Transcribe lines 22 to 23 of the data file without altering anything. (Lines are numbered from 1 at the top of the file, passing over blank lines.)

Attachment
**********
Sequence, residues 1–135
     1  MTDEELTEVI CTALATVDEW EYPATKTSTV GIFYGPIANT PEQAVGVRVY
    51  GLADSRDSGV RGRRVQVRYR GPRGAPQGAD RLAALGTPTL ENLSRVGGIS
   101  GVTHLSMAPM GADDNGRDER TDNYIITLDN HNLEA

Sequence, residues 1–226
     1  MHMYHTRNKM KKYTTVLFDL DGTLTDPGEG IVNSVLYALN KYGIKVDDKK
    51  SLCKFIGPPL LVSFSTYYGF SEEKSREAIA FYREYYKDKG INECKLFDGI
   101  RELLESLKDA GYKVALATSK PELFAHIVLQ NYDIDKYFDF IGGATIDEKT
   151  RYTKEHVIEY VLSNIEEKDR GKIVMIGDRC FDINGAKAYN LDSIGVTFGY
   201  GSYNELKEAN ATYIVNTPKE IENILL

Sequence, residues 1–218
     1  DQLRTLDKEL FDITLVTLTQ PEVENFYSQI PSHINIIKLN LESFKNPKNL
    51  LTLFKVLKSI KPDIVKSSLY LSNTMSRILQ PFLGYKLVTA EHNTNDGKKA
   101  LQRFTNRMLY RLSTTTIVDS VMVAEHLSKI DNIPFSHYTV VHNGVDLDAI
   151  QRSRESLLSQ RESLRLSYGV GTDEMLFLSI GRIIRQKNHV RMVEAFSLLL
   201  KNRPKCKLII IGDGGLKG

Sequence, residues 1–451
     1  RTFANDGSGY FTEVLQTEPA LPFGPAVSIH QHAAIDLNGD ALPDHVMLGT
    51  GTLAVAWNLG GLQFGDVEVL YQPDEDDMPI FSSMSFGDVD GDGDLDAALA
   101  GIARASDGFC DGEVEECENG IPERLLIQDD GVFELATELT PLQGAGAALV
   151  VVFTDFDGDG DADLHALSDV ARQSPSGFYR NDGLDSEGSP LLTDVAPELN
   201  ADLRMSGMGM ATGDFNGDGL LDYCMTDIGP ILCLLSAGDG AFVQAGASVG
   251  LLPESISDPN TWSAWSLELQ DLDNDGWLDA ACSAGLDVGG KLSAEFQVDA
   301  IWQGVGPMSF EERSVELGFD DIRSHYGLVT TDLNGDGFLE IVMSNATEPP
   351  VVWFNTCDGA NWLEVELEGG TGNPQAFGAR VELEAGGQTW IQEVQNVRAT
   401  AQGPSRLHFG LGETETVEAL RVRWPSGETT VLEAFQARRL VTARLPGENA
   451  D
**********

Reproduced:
   201  ADLRMSGMGM ATGDFNGDGL LDYCMTDIGP ILCLLSAGDG AFVQAGASVG
   251  LLPESISDPN TWSAWSLELQ DLDNDGWLDA ACSAGLDVGG KLSAEFQVDA